Event Coverage Highlight
OPC/West Discusses Russia’s Role in the US Election
By Mary Kay Magistad
In a US election year when Russia has played an unusually prominent role – from Donald Trump’s admiration of Vladimir Putin to strong suspicions of Russian hacking, two Russian journalists told an OPC/West gathering in San Francisco on Oct. 28 that the next US president needs to understand that Putin is an unpredictable opportunist. OPC/West is an informal affiliate of the OPC.
“Basing Russian policy on the assumption that Putin has predictable behavior, and that US policy will affect it, is a dead-end path,” said journalist Masha Gessen, author of “The Man Without a Face: The Unlikely Rise of Vladimir Putin,” and other books. “Putin’s actions are based on a belief of what the West is about, and they often play more to domestic sentiment than anything else.”
Joining Gessen was Elizaveta Osetinskaya, former chief editor of RBC Media Holding, Russia’s leading privately owned media group. She and two other senior editors were fired in May this year, weeks after RBC was the only major Russian media organization to cover the Panama Papers’ finding that a Russian businessman with ties to Putin had sent billions of dollars to offshore accounts.
“After we were fired, 50 people left my paper all at once,” Osetinskaya said. She is now a Knight journalism fellow at Stanford University, focusing on ‘how to create innovative and financially sustainable digital media for independent journalism, under tough political and economic conditions.’
And conditions are getting tougher for journalists in Russia who want to do real reporting, both Gessen and Osetinskaya said.
“Before the 2012 protests, the attitude was, ‘don’t bother with politics, and politics won’t bother you,’” Gessen said. “Now, everything is political.”
Osetinskaya agreed. “Many of my friends around my age, in their 30s and 40s, try to stay as far away from the state as possible,” she said. “Some have left, but I don’t believe all can leave the country.” She says hers is an interesting generation, because those in it experienced relative political freedom when young, and haven’t given up on the idea that they could have it again. ‘They are my best hope,’” she said.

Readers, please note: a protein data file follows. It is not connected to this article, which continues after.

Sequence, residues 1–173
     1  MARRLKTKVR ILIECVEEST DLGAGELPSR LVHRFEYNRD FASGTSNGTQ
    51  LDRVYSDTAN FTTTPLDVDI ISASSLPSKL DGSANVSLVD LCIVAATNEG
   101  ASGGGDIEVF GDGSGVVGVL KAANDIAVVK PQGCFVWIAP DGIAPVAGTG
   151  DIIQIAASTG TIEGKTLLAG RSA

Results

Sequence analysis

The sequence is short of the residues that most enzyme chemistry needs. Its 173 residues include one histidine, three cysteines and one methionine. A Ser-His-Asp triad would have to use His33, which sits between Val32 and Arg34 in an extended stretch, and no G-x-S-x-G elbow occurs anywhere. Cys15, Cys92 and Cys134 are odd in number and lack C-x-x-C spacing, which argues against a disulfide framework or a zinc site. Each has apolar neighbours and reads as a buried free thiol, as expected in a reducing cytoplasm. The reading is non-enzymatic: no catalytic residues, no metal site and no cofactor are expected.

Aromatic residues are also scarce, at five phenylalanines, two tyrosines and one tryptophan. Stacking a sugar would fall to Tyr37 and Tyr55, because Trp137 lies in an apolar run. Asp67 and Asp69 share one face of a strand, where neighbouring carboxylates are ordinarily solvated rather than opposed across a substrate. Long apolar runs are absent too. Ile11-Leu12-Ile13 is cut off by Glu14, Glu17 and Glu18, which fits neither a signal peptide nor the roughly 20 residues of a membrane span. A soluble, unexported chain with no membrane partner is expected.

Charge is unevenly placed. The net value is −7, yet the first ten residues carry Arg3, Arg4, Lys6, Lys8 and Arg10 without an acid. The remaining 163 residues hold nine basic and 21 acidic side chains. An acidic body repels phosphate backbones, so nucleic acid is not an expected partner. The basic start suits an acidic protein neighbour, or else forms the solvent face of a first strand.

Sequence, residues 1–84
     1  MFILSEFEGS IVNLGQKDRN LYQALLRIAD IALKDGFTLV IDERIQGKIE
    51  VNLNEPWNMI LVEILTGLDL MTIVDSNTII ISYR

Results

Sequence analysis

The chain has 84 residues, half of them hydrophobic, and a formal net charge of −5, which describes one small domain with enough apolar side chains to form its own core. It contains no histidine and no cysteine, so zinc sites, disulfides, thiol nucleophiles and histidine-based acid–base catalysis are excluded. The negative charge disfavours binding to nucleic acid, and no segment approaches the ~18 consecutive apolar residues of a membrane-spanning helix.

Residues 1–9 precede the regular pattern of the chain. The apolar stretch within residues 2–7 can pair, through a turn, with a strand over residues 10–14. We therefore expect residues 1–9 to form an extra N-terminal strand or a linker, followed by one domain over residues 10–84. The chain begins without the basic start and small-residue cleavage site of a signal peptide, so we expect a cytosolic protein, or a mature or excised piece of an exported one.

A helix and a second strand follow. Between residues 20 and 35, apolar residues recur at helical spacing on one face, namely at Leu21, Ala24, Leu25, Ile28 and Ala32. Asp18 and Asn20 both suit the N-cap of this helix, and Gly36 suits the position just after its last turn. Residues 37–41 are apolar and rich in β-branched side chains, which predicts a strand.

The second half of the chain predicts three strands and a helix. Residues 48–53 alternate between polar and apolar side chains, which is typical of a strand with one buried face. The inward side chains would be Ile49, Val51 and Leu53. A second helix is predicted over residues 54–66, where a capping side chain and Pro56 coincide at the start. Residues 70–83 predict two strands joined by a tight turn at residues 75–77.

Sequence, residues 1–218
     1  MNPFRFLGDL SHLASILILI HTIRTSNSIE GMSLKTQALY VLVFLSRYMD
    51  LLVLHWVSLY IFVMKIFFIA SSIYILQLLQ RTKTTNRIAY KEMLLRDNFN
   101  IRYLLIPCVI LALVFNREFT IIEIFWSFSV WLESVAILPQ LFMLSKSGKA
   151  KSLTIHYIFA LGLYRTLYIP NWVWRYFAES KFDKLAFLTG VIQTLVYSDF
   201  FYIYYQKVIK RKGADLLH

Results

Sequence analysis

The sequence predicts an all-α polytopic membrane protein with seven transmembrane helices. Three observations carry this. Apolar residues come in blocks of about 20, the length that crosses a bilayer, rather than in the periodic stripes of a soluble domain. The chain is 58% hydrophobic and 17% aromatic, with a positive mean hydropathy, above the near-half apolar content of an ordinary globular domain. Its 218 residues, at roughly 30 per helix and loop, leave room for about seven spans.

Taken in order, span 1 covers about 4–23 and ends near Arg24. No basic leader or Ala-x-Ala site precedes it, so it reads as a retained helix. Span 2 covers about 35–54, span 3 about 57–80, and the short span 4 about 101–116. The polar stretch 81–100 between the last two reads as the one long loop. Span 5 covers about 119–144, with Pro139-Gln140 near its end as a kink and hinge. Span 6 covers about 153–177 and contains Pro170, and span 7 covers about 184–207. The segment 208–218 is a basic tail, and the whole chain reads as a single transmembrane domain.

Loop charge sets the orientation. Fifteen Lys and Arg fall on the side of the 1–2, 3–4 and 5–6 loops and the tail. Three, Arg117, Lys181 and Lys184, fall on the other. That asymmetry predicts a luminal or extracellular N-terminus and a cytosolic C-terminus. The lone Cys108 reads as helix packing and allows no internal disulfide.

Gessen, who now lives in New York with her family, and visits Russia periodically, sounded less hopeful, given the current level of censorship and suppression of dissent under Putin. “Hannah Arendt wrote that the difference between tyranny and totalitarianism is that in a tyranny, people are forced to pretend they believe something other than what they believe,” she said. “In a totalitarian state, people are robbed of the ability to decide for themselves what they think.”
A lively conversation with OPC/West members also touched on Putin’s efforts to enrich his offspring and build a dynasty, and at how relations among the US, Russia and China may play out in the coming years.
OPC/West, a group of about 70 current and former foreign correspondents based in the San Francisco Bay Area, first formed in the spring of 2016. Besides organizing gatherings and talks, the group also has a members-only Facebook page, through which members exchange ideas, articles and news about upcoming events that might be of interest to other journalists with an international background. New members are welcome.
Interested? Contact OPC members Markos Kounalakis at firstname.lastname@example.org, or Mary Kay Magistad at email@example.com.